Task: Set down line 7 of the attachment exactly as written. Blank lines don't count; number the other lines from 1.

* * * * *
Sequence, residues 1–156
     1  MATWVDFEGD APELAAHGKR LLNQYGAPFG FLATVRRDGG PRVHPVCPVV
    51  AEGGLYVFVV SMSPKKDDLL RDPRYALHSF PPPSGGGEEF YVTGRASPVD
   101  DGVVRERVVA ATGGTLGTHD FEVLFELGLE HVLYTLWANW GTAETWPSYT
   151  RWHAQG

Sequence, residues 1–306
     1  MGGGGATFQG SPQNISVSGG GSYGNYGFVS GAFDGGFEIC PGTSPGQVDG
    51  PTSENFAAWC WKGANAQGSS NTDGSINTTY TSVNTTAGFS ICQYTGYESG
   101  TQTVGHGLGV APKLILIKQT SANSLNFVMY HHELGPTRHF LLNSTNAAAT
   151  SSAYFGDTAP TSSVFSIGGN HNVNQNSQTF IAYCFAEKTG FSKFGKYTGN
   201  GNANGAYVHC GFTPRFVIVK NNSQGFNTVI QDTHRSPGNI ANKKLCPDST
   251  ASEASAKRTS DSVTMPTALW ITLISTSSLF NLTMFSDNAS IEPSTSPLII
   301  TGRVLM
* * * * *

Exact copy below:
     1  MGGGGATFQG SPQNISVSGG GSYGNYGFVS GAFDGGFEIC PGTSPGQVDG